Stairways to Safety


We’re all familiar with the phrase, “watch your step.” It doesn’t just pertain to walking on a sidewalk or path, it holds true to elevated surfaces, especially stairs. Stairs can quickly become you're worst enemy if you don’t step on them properly.

At the beginning of summer my friend decided that it was time for a furniture face lift; so I helped her move pieces out of her home. While carefully carrying her couch down her staircase she slipped and fell down several steps. Her fall resulted in a severely sprained ankle, which was debilitating; and to make matters worse it was the beginning of prime time beach season. 

Looking back, I've thought about all the ways in which her fall could have been prevented. She should have been wearing proper shoes (sneakers not flip flops). We should have cleared the stairway before moving anything, especially at the top and base of the stairs (clutter definitely hindered our path). Her beautiful, yet slippery, hard wood floors could have been treated with some sort of clear anti-slip treads. Unfortunately, the fall occurred which at the time was out of our control. However, what we can control are the means in which we prevent it from happening again. 

Here are a number of ways to combat the causes for falls and make stairs safer to use: 

1. Take Your Time: There’s no need to rush down the stairs. A phone call or visitor at the door can wait. Be alert and deliberate. Hold on to the handrails and be extra cautious when there are any transition between surfaces.

2. Tread Lightly: If your stairs are made of a smooth material (wood, painted, tile, etc) install rubber, abrasive treads or anti-slip tape for proper footing and grip. You can find clear anti-slip treads that won’t take away from the beauty of your floors. If your stairs are carpeted, be sure the carpeting is securely installed and not sagging or loose in any areas. 

3. Clear the Clutter: Keep the top and bottom of stairways clear of loose rugs; they are a tripping hazard. Remove any objects like books, shoes, clothes, kids toys, etc., and make sure that any furniture on landings doesn’t block the pathway.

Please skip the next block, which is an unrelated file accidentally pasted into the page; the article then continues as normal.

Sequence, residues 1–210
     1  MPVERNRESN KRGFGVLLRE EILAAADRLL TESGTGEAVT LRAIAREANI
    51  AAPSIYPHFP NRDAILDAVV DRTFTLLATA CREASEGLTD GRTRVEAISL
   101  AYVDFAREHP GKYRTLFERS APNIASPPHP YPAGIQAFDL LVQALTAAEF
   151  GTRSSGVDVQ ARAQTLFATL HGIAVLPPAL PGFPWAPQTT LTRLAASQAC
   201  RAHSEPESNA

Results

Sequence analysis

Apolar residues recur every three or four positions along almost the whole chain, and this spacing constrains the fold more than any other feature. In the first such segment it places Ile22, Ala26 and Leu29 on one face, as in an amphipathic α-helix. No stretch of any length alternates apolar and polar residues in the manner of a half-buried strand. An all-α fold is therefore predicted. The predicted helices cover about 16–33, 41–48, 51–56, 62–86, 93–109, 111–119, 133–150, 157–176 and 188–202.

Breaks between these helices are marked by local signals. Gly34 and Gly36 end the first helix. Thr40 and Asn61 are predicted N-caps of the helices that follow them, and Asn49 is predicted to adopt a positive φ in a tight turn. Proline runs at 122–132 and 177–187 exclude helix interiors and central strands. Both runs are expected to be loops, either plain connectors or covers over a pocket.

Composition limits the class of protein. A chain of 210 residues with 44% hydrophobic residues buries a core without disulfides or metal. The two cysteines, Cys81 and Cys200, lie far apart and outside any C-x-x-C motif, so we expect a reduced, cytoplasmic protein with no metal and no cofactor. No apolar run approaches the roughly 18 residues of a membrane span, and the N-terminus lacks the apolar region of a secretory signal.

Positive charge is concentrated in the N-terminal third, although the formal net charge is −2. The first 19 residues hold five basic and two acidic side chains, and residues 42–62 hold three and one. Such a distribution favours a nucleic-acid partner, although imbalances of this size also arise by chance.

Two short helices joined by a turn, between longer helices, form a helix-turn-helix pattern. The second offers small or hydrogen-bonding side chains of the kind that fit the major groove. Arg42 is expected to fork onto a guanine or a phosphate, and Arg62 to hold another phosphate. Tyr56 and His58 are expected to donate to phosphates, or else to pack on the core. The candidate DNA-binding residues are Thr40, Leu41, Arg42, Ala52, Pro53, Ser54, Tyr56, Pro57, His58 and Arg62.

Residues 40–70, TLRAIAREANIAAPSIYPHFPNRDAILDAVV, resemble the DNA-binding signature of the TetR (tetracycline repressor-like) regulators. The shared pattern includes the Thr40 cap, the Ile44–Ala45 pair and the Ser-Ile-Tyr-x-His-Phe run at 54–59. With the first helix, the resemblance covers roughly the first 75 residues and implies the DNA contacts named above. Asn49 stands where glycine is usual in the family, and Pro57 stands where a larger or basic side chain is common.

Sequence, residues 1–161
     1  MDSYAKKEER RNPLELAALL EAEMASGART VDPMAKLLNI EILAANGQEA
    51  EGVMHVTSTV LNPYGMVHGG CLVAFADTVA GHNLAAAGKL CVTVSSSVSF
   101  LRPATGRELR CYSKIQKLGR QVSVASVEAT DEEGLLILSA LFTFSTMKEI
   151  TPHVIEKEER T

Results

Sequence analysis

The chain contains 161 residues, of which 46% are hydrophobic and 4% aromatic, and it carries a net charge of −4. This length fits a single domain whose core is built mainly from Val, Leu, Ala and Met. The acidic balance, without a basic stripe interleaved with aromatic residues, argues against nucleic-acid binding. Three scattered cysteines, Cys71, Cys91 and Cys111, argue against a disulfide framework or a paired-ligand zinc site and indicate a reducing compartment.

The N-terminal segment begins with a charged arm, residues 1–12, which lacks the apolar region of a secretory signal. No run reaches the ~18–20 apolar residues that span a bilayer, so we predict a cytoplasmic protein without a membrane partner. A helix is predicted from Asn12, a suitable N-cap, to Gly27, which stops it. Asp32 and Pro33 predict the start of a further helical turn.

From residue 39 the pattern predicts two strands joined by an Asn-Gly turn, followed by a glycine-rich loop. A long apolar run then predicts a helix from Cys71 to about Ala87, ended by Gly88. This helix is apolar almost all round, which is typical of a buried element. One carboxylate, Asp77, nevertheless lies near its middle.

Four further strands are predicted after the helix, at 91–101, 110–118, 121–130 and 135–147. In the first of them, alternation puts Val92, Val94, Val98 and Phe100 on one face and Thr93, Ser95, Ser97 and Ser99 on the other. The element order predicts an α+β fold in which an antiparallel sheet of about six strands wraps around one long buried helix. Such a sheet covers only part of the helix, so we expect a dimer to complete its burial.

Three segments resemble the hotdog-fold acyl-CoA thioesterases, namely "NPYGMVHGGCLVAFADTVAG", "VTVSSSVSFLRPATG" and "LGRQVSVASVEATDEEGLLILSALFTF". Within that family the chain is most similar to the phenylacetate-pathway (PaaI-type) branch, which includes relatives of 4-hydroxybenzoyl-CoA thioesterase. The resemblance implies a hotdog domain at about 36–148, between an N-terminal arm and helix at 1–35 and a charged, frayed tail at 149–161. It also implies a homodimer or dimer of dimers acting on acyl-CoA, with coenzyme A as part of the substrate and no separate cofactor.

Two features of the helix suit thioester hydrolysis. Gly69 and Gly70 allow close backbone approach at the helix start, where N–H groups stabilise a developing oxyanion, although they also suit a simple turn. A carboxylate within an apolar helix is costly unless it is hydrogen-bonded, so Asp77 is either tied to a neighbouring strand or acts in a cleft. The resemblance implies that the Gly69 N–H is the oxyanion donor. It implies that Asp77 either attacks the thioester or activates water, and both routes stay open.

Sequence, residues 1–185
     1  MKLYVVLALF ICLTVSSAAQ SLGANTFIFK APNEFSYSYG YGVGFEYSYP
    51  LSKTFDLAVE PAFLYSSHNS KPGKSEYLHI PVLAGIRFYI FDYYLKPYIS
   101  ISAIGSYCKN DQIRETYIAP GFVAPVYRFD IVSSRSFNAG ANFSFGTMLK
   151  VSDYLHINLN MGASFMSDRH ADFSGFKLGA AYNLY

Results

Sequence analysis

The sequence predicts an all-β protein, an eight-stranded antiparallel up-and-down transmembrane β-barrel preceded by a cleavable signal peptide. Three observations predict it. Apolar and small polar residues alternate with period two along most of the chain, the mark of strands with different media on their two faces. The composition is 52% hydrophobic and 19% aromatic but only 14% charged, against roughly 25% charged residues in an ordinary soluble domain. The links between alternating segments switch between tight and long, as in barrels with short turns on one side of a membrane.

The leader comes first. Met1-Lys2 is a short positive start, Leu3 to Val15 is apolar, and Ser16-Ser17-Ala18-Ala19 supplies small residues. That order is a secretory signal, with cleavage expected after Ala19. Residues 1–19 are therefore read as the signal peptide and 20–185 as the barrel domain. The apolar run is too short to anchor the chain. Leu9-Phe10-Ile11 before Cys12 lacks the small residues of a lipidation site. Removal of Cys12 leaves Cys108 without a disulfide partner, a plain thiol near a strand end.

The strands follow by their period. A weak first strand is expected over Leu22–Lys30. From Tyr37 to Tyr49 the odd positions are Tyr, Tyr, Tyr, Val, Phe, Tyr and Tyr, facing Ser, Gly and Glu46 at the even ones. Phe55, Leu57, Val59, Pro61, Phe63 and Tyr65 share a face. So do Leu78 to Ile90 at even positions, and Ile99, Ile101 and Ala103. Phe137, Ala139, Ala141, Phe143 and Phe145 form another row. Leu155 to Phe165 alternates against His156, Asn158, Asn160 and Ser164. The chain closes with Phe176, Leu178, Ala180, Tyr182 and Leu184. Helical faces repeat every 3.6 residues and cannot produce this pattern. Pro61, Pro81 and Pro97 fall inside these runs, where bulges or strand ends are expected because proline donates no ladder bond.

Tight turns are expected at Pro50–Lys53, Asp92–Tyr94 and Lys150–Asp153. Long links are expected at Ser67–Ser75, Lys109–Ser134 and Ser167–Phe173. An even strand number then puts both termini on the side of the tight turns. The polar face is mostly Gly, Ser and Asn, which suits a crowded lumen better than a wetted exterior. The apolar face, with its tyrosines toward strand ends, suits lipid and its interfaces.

4. Let there be Light: Stairs should never have lower illumination levels than adjacent areas; that’s just a recipe for disaster. Use low-glare overhead lighting, and in senior homes install a stair lighting kit to ensure each step is distinctly visible. Verify there are light switches at both the bottom and the top of the stairs; if there aren’t, have them installed.

5. Use the Railings: Handrails are strongly recommended. In fact, it’s suggested they be installed on both sides of the stairwell when possible. Position handrails at adult elbow height and attach them securely to walls and posts.  Be sure to extend them the full length of the stairs, including beyond the top and bottom.

6. Safe Soles: Proper footwear influences balance and can alleviate the risk of slips, trips, and falls. Walking indoors in socks, high-heeled shoes or even barefoot has been shown to increase the risk of falls, especially for older individuals. Be conscious of what is on your feet while moving up and down your stairs.  

At some point in our lives, stairs will become an issue for all of us. That doesn’t mean we have to stop using them entirely, or even be scared of climbing them. It just means that taking some extra precautions to make our stairways safe is important and necessary to remain injury free!